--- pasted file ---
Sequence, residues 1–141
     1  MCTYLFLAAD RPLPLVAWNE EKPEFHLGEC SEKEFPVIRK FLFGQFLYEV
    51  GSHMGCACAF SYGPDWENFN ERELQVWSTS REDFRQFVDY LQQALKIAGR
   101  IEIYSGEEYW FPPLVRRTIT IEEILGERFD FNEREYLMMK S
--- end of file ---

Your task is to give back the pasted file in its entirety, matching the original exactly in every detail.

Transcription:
Sequence, residues 1–141
     1  MCTYLFLAAD RPLPLVAWNE EKPEFHLGEC SEKEFPVIRK FLFGQFLYEV
    51  GSHMGCACAF SYGPDWENFN ERELQVWSTS REDFRQFVDY LQQALKIAGR
   101  IEIYSGEEYW FPPLVRRTIT IEEILGERFD FNEREYLMMK S